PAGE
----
I am building this page on the road somewhere in western Pennsylvania. Sherri and I are staying at her mothers house for a short while. We should be returning to Florida in a week or so.
The communications industry has been hit hard by the economic downturn with hundreds of layoffs in the plant where I work. I am usually at work 10 to 12 hours a day lately doing my best to stay employed. Unfortunately no job is totally secure, and the expenses associated with Sherri's mom have forced a careful optimization of Tubelab's expenses. So for now, Tubelab is operating with a fraction of my time, none of Sherri's, and limited funds. The budget for new projects is very limited so except for small parts all development projects in 2009 will come from my "junk box" which fortunately is well stocked. There is no budget for transformers or other costly parts.
When the economy started to slow down last year, sales of PC boards dwindled too. This forced the delay in the launch of the Tubelab SPP. Fortunately it is nearly ready. For now future products must wait until the current new project (SPP) pays for itself.
There are two P-P designs currently under development. The “Small” one, now called the SPP, and the "Big" one, now called the Universal PP driver. The Small one has progressed to the "third prototype PC board" stage. It is currently going through my rigorous testing, and I have been using it for several experiments. I plan to take this design through to a production PC board, but it will not be ready until the 2nd quarter of 2009.
The circuitry is not all that unusual. I Have already been informed that it bears a resemblance to SY's "red light district" amplifier, and Morgan Jones "Bevois Valley" amp. The truth is that it is about as simple of a P-P amp that I could come up with that yielded good performance. All three of these amps look like descendants of the Williamson to me.
Why have I done "yet another version of this common design?" I have breadboarded countless variations of small P-P amps. Some used the 6AQ5 tube, and some used the 6BQ5 / EL84 tube. Every amp was evaluated for performance, simplicity, and most important, the ability to be assembled by builders of varying skill levels and work the first time. One of the main requirements was for a stable design that didn't require any component tweaking to make it work. This design worked out to be the best. I chose the 6BQ5 / EL84 tube mostly because that is what was requested in the email that I received. The 6AQ5 is cheaper but produces slightly less power, and a slightly different sound. I may produce a 6AQ5 version of this board if there are enough requests for it.
As usual the board can be wired for triode, UL and pentode mode. Provision for global negative feedback is available. It can be used if needed, and it is needed in pentode mode.
There have been the usual delays due to "trying to keep my day job" activities and Sherri being away for much of the year, but the most recent delays are for two good reasons. I got some $1 output tubes that may work in this amplifier, so I had to try them out. It turns out that a PC board change was required. During the development of the original board I built a hybrid amplifier that used a tube - mosfet "Darlington" connection for the output. Again a PC board change was needed. The changes have been implemented and a prototype board made. The board works as expected with 6BQ5's but I have not tested the other combinations yet.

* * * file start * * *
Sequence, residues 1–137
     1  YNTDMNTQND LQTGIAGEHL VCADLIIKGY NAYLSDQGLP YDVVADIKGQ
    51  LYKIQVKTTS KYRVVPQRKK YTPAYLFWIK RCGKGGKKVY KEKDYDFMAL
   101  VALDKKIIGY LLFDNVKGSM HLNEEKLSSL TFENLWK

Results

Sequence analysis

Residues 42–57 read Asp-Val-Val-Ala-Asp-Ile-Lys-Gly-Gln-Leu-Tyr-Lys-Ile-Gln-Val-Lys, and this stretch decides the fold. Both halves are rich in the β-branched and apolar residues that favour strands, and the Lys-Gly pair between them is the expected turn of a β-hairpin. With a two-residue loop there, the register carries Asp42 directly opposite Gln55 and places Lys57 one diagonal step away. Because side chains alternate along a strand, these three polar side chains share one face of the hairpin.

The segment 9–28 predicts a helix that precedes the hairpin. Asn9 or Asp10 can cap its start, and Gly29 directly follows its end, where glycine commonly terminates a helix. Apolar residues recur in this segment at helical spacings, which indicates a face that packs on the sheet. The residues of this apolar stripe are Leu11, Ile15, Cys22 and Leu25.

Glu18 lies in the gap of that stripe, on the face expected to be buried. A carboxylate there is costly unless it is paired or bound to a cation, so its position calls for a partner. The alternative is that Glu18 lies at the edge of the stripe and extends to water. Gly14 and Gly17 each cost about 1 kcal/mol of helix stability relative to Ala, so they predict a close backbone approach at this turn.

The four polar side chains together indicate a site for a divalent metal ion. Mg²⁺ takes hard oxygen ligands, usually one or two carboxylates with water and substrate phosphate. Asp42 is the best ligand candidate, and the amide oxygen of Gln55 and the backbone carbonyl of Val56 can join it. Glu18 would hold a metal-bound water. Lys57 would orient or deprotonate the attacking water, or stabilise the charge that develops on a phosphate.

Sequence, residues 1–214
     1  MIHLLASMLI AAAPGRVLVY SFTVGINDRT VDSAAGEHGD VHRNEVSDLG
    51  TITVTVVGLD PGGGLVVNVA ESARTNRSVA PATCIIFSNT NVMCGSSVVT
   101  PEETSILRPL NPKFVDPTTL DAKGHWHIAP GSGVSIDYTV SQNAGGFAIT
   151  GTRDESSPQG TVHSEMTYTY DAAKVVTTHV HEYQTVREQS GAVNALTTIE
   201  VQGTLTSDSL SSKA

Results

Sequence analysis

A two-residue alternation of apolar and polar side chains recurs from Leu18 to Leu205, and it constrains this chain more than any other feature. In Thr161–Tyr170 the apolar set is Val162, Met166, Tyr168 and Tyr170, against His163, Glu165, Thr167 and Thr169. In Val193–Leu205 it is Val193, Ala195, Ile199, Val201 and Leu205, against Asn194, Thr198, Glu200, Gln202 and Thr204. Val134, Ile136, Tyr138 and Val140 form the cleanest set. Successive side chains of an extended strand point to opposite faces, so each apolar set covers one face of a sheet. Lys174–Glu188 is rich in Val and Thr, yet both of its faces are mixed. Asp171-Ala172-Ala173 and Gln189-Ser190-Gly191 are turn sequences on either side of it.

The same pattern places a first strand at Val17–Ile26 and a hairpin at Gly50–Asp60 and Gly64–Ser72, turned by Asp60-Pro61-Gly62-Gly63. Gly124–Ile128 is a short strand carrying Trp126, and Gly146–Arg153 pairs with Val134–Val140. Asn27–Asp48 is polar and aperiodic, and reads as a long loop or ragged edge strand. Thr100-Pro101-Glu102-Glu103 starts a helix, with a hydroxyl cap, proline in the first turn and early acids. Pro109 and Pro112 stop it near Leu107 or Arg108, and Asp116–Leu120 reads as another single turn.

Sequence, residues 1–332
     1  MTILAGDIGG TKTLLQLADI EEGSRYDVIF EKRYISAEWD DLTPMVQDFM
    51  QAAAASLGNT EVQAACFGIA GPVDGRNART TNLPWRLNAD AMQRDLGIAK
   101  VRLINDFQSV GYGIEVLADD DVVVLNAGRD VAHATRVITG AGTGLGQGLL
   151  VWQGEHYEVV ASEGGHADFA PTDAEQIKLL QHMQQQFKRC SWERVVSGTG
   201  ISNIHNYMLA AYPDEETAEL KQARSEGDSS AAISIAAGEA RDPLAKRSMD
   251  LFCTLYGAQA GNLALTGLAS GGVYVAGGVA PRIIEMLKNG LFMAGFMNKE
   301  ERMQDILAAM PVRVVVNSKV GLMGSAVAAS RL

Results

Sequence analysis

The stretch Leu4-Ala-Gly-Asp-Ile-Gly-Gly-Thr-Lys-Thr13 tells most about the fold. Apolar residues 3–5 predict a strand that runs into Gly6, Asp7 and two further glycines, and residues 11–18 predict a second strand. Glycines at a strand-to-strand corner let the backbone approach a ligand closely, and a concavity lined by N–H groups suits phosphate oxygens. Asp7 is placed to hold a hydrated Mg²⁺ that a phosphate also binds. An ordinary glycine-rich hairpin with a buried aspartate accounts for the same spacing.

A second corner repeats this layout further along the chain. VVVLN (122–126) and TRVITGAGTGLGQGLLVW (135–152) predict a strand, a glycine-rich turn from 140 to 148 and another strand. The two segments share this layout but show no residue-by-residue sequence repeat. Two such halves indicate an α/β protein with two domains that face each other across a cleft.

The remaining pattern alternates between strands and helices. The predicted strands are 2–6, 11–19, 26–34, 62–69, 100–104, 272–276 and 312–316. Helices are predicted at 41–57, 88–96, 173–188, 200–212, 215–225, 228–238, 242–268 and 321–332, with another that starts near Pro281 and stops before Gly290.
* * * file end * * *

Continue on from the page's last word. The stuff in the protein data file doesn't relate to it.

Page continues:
I have included some photos below.
The first board, it hasn't seen any electricity yet.
A careful look will reveal my first problem with this board. The driver tube on the right is installed. The driver tube on the left, won't fit in the socket! The holes for pins 2 and 3 are smaller than the pins on the tube. Next time I'll look more carefully at the sockets before installing them.
It is cranking some tunes here. The flying resistors are the GNFB resistors. I have not yet decided on an optimum value.
I added some much bigger transformers for much bigger sound.
Board on test. Note the distortion number of 0.346%
SY convinced me to try this. The cathode resistors and bypass capacitors have been removed and replaced with LED's. In this case three special LED's were mounted in series on a heat sink material.The amp does indeed sound fantastic with LED's in the cathodes of the output tubes. I am looking for an off the shelf LED that will work here. It may be included in the design.
The SPP boards are in house. This one has been kicking out the tunes for a few weeks now.
It has also been the subject of some extensive experimentation. In fact I decided to build another one, and then three more were assembled so that I could shoot all of the pictures for the manual.
All of the pictures have been taken for the manual and I am currently putting it all together on my laptop while travelling. I have discovered a few photos than must be redone once I return home. We have ordered the parts for a small parts kit which will consist of everything needed to populate the PC board. Both should be ready within two weeks of my return to Florida.